Dig in your pack to find those smoked goggles you bought five sessions ago? I mean, you'd be doing all this stuff anyways, but I think it's better to have the party figuring that out from the get go, not after the Rogue becomes a stone statue.


Milo v3- I don't have a problem with presenting my players with a problem to be solved, even in combat. How you go about dealing with a creature with an unusual ability that prevents your normal tactics from working is a challenge and overcoming challenges can be rewarding experiences.

But giving someone a puzzle to solve without telling them there is a puzzle at all? I don't like that approach. It's kind of like how traps are terrible. You notice them, and then someone can either use a skill or some creative plan to bypass them. Or you don't notice them, and you take damage or some other penalty because...you failed a check. One of those two scenarios is fun, the other is just an acid meringue pie to the face.

Come to think about it, I rarely use traps in my games either, lol.

Sideromancer- there is a lot about the game that seems to actively require or encourage metagame thinking. I've found, however, that giving the players more information means they don't have to metagame, and it's a more enjoyable experience.


A little confused by this spell. It says it can "cause one nearby corpse to animate for a brief moment" except...

The duration is instantaneous. While it doesn't talk about what happens after it makes a trip attempt, if it grapples someone, they stay grappled until they either break free, or destroy the corpse (which has 12 hp and DR 5/slashing).

So does this mean that after it's initial attack, the corpse just remains animated until someone bothers to kill it?


Friend of mine plays a Spiritualist, and he just hit level 7. And I was seriously underwhelmed.

At 7th level, he gets a 2nd-level spell as a SLA 1/day? Eh, ok, but...

Wait a minute. It targets Will, which is the best save for the undead creature it targets. It's a SLA, so the save DC is Charisma-based.

On a Wisdom-based caster?

Am I missing something here, because this seems especially bad.


Rysky- well both, really. Basically I was curious if there was a better way to handle monster knowledge that makes sure the players get the information they need to avoid a "gotcha!" moment, speeds up play, and still rewards investment in knowledges.

I know, that's a pretty tall order, and it's probably not possible to do all of that.

Mulgar- there's a style, if memory serves, and I know the Lore Warden gets bonuses for identifying monsters. I have no doubt there are others. As to the chance of being surprised...I can respect that. But I really despise monsters that are designed with the idea that the whole thing that makes them a challenge is their unknown nature. It takes the ability to make informed, tactical decisions right out of the players hands.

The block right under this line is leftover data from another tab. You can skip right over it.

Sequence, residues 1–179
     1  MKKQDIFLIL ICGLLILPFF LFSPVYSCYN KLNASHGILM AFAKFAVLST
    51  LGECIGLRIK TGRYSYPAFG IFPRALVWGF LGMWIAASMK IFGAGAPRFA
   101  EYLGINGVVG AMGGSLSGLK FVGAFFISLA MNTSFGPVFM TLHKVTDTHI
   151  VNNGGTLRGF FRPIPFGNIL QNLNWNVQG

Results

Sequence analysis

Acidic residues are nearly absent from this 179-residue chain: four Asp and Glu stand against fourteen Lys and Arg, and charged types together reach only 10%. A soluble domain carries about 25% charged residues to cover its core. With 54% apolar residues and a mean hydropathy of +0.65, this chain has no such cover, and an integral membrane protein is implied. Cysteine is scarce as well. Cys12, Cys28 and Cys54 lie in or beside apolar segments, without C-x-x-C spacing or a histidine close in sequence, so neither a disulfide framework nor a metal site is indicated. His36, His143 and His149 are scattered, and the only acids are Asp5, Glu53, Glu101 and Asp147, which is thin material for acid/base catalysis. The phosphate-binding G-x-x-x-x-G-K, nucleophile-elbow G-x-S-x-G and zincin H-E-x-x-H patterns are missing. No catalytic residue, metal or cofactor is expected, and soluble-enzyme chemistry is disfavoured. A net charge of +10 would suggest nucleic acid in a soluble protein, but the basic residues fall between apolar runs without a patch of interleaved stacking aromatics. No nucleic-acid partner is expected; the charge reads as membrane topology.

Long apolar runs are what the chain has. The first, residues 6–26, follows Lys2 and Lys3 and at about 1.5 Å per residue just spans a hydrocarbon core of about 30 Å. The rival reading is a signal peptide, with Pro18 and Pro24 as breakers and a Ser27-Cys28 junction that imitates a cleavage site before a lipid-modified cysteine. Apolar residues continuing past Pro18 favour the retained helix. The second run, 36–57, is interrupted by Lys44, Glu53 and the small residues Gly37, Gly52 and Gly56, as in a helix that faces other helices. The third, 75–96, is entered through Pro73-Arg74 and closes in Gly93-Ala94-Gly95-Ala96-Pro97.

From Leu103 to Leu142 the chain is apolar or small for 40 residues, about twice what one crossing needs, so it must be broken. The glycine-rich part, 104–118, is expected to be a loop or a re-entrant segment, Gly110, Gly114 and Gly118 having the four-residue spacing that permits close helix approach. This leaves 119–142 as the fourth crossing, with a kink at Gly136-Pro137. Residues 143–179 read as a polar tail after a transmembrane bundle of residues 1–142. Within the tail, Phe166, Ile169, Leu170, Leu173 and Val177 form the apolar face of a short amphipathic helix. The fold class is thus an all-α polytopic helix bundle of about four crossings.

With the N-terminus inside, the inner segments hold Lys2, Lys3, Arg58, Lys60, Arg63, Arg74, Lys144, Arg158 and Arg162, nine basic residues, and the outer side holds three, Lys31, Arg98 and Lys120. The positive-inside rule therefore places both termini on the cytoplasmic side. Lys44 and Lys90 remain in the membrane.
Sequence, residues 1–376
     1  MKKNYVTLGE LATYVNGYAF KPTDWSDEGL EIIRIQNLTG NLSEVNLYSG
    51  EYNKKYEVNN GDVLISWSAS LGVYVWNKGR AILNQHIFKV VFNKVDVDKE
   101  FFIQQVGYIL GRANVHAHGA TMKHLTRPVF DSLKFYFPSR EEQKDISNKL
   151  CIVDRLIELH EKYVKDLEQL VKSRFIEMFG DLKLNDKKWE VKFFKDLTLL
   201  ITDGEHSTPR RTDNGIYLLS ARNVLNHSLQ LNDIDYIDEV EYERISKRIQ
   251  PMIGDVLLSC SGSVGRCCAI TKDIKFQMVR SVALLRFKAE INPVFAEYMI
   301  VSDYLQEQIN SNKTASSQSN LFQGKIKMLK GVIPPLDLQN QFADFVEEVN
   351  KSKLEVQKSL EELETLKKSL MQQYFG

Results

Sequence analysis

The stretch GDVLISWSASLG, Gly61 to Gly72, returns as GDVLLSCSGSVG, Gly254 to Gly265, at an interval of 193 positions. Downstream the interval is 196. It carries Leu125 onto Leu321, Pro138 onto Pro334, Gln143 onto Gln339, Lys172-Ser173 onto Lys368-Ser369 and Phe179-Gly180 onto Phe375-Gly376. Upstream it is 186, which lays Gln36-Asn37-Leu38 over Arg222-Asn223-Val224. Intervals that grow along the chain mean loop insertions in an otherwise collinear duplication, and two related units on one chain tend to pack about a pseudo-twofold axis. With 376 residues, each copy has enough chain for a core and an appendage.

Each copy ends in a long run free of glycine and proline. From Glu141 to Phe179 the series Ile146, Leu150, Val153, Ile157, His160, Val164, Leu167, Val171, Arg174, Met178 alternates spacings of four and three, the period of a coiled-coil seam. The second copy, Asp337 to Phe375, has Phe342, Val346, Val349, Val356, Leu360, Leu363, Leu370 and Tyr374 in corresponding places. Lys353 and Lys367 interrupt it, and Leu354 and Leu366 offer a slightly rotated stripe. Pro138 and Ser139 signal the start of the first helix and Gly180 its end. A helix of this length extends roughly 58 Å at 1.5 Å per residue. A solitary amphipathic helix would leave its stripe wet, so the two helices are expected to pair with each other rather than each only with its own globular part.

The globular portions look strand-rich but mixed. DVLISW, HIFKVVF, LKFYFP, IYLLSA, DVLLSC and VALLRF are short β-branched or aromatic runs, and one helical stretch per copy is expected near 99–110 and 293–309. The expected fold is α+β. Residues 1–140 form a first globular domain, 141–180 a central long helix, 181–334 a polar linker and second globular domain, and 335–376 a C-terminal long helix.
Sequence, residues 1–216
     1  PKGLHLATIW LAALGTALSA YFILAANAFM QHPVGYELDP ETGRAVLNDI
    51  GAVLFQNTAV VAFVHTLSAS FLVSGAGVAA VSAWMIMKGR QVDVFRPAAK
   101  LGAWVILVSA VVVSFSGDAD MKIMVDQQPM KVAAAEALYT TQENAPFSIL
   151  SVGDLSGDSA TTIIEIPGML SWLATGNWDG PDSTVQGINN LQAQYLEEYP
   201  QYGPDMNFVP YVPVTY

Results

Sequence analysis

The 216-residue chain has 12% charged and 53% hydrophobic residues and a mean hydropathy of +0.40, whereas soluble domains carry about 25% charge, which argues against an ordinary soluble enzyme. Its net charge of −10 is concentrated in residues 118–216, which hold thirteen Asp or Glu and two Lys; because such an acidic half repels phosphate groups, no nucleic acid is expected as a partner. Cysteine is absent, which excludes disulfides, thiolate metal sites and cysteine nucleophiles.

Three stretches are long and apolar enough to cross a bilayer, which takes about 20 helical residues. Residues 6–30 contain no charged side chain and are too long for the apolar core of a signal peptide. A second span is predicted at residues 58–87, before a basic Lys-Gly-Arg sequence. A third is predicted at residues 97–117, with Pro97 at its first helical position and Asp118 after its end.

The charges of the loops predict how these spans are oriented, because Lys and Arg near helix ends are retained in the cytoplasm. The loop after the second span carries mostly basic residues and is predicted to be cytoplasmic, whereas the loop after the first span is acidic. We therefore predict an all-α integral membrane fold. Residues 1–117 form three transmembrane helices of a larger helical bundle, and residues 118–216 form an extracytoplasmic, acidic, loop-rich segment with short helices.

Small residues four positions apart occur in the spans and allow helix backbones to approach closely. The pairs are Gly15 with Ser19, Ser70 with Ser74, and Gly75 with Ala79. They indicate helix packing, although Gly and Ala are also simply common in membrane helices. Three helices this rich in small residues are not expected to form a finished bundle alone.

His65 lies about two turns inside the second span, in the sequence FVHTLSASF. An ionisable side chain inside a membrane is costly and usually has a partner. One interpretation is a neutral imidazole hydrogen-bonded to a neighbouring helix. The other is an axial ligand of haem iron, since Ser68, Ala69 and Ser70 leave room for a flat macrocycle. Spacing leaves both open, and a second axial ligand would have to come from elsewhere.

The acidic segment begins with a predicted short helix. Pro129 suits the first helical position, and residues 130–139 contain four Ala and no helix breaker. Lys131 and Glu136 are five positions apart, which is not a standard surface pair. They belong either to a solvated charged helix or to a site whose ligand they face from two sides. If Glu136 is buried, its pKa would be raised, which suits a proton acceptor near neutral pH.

Take the mimic. Even if you realize it's a creature of some kind, if you don't know what it is, your melee can suddenly find themselves forced to rely on secondary, inferior weapons because their main weapons are glued to the thing...well I understand a lot of people are ok with that, and there's nothing wrong with that. I'm not a fan, but that's just me.

rainzax- probably the best way to go, if I want to speed up the process, and remove the element of chance. Of course, players love to roll dice, so it might not go over well, but I can try it.


Way back in the 80's, when I first got serious about playing AD&D, I was introduced to that wretched type of monster, the "gotcha" monster. The doppleganger. The Mimic. That plant monster that looks like a cute bunny rabbit on a tree stump. Gas spores that look like Beholders. Cloakers.

It's quite the tradition, and many of these creatures still exist in Pathfinder. And I hate them all, so very, very much.

When I run my games, I want to let my players make informed decisions. I don't want them finding themselves over their heads because they didn't know a monster had a strange immunity or defense, or that had a particularly lethal attack.

This is why I always allow them to roll monster knowledge. But after awhile, even though some of my players have invested in knowledge skills, I feel the die rolling to find out what a monster can do slows down play.

And they can still fail, and find themselves screwed over when they discover "yes, it's an animated object, so it has hardness, not DR", or "oh the monster is immune to that spell", while they're being beaten into a bloody pulp.

I've actually toyed with eliminating monster knowledge and just telling them what they need to know. But still reward people for actually having the skills to know about the monsters. I'm just not sure how to do that, or if I should even try.

So I'm curious how other GM's have, or would, handle this topic.

Thank you in advance for any replies!


What I mean by player agency is that there was no action we could take (this was AD&D, so rules for disarming or wrestling away a magic item were ad hoc or completely optional) to prevent the incident.